Authorities in Germany are evacuating tens of thousands of citizens on Christmas day after the discovery of an unexploded World War II bomb in Augsburg.
The biggest evacuation since WWII will see around 54,000 people in the Southern Germany city of Augsburg leave their homes following the discovery of the 3.8-ton bomb on a building site.
The evacuation and defusing of the device will take place on Christmas Day, the first public holiday after the bomb was discovered on December 20.
Authorities say a holiday was chosen as it is easier to evacuate a town since there’s less traffic and work doesn’t get interrupted. Local news website Augsburger Allgemeine reports:
Up to 2,500 personnel from rescue services, fire brigades, and police will join the operation. More than 32,000 households living within a 1.5km (0.9 mile) radius of the bomb site will be evacuated. Schools, gyms, indoor stadiums and an exhibition centre will be used as temporary shelters.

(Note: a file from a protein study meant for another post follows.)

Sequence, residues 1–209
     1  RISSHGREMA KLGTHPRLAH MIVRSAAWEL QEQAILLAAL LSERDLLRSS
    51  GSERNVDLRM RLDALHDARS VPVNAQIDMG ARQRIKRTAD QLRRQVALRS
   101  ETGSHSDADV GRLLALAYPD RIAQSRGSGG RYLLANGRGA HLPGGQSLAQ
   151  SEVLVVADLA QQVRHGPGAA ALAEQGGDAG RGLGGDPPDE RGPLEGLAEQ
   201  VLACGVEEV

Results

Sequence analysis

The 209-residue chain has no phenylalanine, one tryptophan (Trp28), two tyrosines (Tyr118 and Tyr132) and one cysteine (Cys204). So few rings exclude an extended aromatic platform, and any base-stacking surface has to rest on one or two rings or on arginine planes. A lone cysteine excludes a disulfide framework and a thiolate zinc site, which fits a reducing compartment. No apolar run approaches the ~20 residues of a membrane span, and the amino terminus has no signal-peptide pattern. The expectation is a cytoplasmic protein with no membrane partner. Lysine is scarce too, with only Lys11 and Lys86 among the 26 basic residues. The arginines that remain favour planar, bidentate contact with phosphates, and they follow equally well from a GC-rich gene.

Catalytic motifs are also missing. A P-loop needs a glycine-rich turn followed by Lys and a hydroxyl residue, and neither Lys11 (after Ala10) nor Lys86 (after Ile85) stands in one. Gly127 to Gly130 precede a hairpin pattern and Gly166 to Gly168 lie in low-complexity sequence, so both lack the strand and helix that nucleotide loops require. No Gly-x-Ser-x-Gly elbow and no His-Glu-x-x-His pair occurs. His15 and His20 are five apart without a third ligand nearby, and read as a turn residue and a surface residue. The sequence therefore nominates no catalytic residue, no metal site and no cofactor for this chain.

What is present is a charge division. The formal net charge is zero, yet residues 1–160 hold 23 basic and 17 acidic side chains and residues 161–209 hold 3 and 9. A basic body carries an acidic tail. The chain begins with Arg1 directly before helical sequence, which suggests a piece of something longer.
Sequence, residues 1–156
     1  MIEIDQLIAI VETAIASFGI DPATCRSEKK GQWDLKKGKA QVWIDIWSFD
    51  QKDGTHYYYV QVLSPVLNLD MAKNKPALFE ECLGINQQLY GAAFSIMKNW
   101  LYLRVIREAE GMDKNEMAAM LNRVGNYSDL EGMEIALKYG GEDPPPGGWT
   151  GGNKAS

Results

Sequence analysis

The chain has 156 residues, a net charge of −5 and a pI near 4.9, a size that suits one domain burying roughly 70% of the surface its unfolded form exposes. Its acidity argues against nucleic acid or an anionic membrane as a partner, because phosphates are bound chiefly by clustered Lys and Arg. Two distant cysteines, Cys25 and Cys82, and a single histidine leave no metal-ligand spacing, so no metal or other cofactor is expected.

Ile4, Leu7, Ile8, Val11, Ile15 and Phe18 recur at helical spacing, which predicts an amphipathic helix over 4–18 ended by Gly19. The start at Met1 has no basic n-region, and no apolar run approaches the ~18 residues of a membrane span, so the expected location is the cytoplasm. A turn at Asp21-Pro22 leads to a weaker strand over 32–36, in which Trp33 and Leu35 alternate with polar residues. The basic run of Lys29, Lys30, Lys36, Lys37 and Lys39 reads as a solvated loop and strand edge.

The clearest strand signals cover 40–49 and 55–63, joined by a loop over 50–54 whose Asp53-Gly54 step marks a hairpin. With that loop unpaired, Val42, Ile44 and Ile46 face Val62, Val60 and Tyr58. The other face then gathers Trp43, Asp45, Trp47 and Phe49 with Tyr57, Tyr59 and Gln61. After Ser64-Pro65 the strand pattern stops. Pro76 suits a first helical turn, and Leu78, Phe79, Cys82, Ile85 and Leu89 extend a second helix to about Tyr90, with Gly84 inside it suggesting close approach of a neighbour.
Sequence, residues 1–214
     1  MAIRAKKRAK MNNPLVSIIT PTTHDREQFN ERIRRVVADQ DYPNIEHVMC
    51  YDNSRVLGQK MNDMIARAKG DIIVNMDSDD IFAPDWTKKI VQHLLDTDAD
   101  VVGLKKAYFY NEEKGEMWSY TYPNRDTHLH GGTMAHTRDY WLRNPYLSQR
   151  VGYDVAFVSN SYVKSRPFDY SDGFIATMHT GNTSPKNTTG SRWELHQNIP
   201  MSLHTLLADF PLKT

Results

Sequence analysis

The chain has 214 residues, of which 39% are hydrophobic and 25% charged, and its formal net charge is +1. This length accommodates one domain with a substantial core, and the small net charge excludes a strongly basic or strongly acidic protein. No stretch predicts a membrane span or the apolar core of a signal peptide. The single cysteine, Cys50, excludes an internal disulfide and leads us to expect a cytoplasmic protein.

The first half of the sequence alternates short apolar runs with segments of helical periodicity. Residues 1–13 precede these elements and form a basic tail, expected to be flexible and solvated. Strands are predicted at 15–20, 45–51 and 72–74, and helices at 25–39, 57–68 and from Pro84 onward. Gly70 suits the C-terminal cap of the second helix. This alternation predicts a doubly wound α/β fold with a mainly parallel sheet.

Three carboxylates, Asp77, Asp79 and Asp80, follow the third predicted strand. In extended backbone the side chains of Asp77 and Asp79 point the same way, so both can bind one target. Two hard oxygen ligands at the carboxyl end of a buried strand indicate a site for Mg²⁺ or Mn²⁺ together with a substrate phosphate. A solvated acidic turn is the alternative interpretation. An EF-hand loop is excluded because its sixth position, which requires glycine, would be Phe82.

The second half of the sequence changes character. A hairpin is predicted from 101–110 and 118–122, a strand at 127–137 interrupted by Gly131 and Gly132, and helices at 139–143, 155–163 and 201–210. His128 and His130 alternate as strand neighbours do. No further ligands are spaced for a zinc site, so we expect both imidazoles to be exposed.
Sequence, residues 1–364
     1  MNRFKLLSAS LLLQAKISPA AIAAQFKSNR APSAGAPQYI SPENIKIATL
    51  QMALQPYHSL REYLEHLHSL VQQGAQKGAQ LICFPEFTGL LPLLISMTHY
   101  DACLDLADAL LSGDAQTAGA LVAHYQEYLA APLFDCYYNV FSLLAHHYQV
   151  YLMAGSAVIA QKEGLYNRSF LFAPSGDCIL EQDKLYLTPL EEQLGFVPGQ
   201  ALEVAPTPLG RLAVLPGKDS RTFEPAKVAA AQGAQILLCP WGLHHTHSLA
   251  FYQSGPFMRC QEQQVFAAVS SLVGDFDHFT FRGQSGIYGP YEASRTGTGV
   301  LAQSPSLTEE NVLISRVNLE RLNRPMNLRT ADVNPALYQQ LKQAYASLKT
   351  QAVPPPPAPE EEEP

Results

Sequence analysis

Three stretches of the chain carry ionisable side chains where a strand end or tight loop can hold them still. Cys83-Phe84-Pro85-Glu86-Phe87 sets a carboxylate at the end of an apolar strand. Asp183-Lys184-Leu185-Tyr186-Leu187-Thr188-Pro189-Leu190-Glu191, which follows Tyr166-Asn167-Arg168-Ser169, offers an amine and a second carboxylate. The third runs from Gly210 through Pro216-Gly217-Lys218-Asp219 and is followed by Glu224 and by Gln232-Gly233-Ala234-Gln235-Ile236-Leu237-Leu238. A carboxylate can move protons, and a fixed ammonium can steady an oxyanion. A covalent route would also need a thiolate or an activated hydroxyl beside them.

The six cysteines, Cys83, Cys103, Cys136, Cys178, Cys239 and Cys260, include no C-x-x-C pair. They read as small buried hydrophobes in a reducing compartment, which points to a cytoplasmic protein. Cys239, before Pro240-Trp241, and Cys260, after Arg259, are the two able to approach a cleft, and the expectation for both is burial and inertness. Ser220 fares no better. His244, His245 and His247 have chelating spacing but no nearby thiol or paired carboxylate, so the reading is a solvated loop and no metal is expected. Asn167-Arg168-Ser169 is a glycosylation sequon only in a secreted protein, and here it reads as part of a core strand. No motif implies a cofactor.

In 2011, more than 45,000 residents of German city of Koblenz had to be evacuated as bomb experts defused a massive World War II bomb that emerged from the Rhine River due to low water levels.
More than 20,000 people were evacuated from their homes in Dortmund in 2014 after the discovery of a 4,000-pound bomb.
Further bomb discoveries across Germany are expected to continue in coming years as it is estimated that as many as 10 percent of the bombs dropped by Allied aircraft had failed to explode.
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